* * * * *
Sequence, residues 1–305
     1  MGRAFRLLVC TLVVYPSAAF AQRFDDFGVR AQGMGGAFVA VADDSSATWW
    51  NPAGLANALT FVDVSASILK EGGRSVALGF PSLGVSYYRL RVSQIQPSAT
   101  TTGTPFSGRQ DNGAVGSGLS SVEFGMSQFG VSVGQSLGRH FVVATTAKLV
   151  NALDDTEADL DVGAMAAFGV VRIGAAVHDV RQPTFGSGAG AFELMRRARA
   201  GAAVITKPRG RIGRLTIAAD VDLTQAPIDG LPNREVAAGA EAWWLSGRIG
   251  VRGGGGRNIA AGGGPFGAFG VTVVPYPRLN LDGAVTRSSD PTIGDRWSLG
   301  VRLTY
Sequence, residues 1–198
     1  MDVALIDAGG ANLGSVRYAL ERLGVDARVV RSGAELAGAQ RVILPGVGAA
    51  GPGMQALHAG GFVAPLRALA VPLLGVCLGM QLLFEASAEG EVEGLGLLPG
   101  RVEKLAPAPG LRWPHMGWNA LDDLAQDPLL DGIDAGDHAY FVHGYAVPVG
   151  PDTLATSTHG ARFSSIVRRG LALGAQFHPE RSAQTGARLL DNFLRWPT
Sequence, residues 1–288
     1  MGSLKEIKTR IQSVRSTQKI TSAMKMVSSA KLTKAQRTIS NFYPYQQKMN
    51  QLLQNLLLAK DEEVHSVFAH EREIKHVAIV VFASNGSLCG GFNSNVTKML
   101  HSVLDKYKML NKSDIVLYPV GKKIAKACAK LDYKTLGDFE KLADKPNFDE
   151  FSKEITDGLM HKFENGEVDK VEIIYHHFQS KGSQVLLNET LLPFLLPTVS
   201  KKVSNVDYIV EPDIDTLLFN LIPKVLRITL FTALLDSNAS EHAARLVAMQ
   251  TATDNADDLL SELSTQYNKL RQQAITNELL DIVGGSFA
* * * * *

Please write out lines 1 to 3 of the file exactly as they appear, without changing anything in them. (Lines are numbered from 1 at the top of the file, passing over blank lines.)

Sequence, residues 1–305
     1  MGRAFRLLVC TLVVYPSAAF AQRFDDFGVR AQGMGGAFVA VADDSSATWW
    51  NPAGLANALT FVDVSASILK EGGRSVALGF PSLGVSYYRL RVSQIQPSAT